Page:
Since the last update, I have been waiting on acrylic parts for the OAK-D camera and the OAK-D itself. The OpenCV AI Kit - Depth (OAK-D) is a spatial-AI camera with a RGB and stereo cameras with on-board mono/stereo inferencing. After a few delays, apparently due to Brexit, the camera finally arrived at the start of February and the acrylic parts arrived soon after. Once assembled, the platform looks like this:
I added some spare LED boards to the front with some acrylic mounts and connected them to the Arduino. For now, it just randomly cycles through the colors but I plan on using them as status LEDs in the future. The OAK-D camera also needs a DC power input, but since I hadn’t accounted for that earlier, I still need to power the camera externally. For now, I separated the top part of the robot (the platform with the RPi, the RPLidar and the OAK-D) and I’m using it for testing the sensors.
For starters, I only want to set up the ROS packages for the lidar and the camera and make sure I have all the ROS transforms configured correctly. After quite some support from the Luxonis (the company that makes the OAK-D cameras) discord community and the RPLidar ROS packages, I was able to setup both the sensors and their transforms in ROS Noetic on the RPi4. The choice of Noetic was simple, since I plan on migrating to ROS2 Foxy and they both run on the same Ubuntu 20.04 OS. For the ROS setup, I did the following:
- Build rplidar_ros and depthai_ros
- Configure depthai_ros such that depthai_image_proc can be used to register the depth image and publish a RGB pointcloud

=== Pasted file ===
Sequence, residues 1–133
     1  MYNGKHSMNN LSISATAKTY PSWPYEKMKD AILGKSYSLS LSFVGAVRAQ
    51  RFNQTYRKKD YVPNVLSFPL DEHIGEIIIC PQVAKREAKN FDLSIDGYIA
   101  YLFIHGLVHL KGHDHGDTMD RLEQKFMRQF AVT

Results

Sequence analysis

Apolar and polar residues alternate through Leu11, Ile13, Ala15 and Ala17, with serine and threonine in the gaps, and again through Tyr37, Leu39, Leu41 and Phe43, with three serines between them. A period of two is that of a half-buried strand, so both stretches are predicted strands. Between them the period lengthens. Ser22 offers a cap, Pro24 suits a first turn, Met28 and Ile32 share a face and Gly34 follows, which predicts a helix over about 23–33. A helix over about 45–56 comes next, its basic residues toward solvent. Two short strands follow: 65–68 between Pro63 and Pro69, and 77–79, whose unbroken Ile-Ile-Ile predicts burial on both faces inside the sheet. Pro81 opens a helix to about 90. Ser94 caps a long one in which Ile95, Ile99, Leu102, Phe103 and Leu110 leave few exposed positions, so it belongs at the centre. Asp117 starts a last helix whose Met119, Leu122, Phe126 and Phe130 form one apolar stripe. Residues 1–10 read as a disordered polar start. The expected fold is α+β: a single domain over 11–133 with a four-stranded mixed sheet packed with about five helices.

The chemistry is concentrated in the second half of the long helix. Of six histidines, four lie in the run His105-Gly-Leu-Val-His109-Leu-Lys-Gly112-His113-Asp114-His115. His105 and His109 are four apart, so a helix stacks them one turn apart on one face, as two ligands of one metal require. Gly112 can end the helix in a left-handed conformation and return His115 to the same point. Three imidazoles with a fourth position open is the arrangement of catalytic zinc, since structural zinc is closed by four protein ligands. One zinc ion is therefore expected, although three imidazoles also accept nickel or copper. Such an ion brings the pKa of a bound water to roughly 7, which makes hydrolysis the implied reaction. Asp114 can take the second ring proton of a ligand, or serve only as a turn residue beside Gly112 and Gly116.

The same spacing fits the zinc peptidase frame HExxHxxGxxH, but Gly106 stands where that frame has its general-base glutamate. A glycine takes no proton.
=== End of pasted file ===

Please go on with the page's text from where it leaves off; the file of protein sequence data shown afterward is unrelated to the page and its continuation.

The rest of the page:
- Configure depthai_ros to run with the OAK-D camera (default package by Rapyuta Robotics uses the BW1097 camera) and its URDF (robot description)
- Configure rplidar_ros to run with the RPLidar A2M8 URDF
- Configure a test package (akros_test) to setup the transforms between the OAK-D and the RPLidar descriptions
- Configure the RViz view to display the RGB pointcloud, the laser scan, the TFs and the sensor models.
The next step is to implement RTAB-Map (Real-time Appearance Based Mapping) using the OAK-D and use it to provide visual-inertial odometry (VIO). I expect to use these odometry measurements in combination with the lidar scan to perform SLAM. I also want the RGB camera to detect obstacles and fiducials using DepthAI and append the map created using RTAB-Map. The OAK-D also has an internal IMU although the driver software is still a work in progress. Once that has been done, I plan on using the IMU measurements with robot_localization to improve the VIO.
Meanwhile, the bottom part of the robot is still untouched. I plan on getting some help with this, hopefully a collaborator within Eindhoven itself. For the bottom part, I need to program the Arduino to drive the 4 motors at pre-defined velocities. I also need a battery system that can power the motors (/motor drivers), the Raspberry Pi 4 and the OAK-D continuously for at least an hour. I hope to use MicroROS here on the Arduino so that I could communicate directly with the ROS2 installation on the RPi4 host.
Finally, and this is definitely a longshot, I need to bridge everything in ROS2 (also using the ros1_ros2_bridge) and use the ROS2 navigation stack (nav2) to perform autonomous functions on the AKROS holo platform. My immediate next step is to calibrate the OAK-D. In the images above, the RGB pointcloud and the lidar scans do not match. This is because I currently use the parameters of the BW1097 camera and the OAK-D is uncalibrated. I need to get a chessboard printout for this. Even once the camera is calibrated, the depth image being produced has incorrect units, which makes the published depth image to be scaled up. This also needs to be fixed, and I am currently waiting for more people to try it on the discord community. I expect to have more updates in the next post.